I was born in Jamestown, North Dakota and moved to Washington State when I was five. Dad was a school teacher and had a job teaching Industrial Arts in the little town of Redmond, Washington. Now a growing town and the home of Microsoft and a lot of new electronics businesses.
We moved over the hill to the little town of Kirkland, Washington as dad thought he was going to teach school there. He never changed from Redmond and drove over the hill forever, well until he was 65. Kirkland is now the home of COSTCO and many fine restaurants on the edge of Lake Washington.
The folks moved from their house of 56 years, December of 2000, and now live in a retirement apartment in the little town of Woodenville, now growing also. They are now in their 90's.
I graduated from high school way back in 1957 and went to one year of college before I had to go on active duty with the Naval Air Reserve. My first 11 years were spent as and Aviation Electrician working on airplanes and helping teach the Naval Air reservists that drilled on the weekend.
In 1969, the year we landed on the Moon, the Navy decided to try an experiment and made six Aviation Warrant Officers in the reserve command. I was selected to be an Aviation Electronics Warrant Officer. You were given a warrant, a piece of paper, that said you could act like an officer. You were sort of in the middle of the chain of command. Enlisted personnel should salute you, but you had to salute a real officer. My hat had a gold band that was broken with a blue strip. Officers of the line, that graduated from Officer training school, had a solid gold band.
The Naval Air Reserve program didn't have jobs for us so we were given to the Regular Navy. Since I had never been on a ship, the Navy gave me my first assignment on what they thought was an island in the Pacific, but it turned out to be U-Tapao Air Base in Thailand. I worked as an Aviation Electronics Warrant Officer for the next 15 years.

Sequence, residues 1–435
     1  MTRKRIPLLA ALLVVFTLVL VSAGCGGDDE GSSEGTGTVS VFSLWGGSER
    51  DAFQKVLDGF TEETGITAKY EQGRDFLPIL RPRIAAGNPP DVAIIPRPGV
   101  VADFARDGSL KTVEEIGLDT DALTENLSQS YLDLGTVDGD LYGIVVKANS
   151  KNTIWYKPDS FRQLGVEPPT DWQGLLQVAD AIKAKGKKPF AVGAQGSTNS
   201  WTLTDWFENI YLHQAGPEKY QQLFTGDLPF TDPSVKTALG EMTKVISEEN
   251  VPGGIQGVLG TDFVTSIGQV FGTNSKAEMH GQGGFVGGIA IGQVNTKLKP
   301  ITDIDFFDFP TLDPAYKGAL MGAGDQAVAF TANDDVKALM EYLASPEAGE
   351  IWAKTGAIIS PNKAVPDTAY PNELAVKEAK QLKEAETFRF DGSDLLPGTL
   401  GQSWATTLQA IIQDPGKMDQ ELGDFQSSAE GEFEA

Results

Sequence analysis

While moon-lighting on week ends my last year in the Navy, selling computers for Digital Dellie, I would ask folks what they were going to use their new PC for and could I send them a resume. This was in 1983 and I had just bought a new PC, the CompuPro, running a Z80 at 6 mega hertz with an operating system called CPM. Do you remember a 64 kilo byte limit on memory?
Don Bass offered to show me around NASA which was just across the runway from VP-9 at Ames Research Center. I ended up taking his place and joined Bendix Field Engineering, supporting the Pioneer series spacecraft. Pioneer 10 left the Solar system that June 1983.
I supported the Pioneer missions until just before the end of the last Pioneer mission. By that time I had re-written the Pioneer 10 telemetry system to run on a Mac Quadra 950. That was in 1995 and the program is still working here in the year 2001.
I was away from NASA for a year and a half at Lam Research and then came back to help get real-time data from the upcoming lunar mission for the new web site that would talk about Lunar Prospector. Lunar Prospector went around the moon for a year and a half and found signs of water at the moon's poles.
Orbital Sciences Corp hired me for that task and I am still there answering questions about Lunar Prospector and NASA space missions. I send postings to a lunar-update list when I see something that I think folks looking up might be interested in. There are about 2500 on that list and they keep me on my toes with their questions.
some information on the home site about space related
items at http://www.larryrussellkellogg.net/ and will be
helping here to answer questions you might have.
Also, take a look at:
There is a beautiful Space Frontier out there and you are all welcome to come along. See you on the Internet as we go to the Moon, Mars and to the stars.
"What the mind can
conceive, and believe,
3 August 2003
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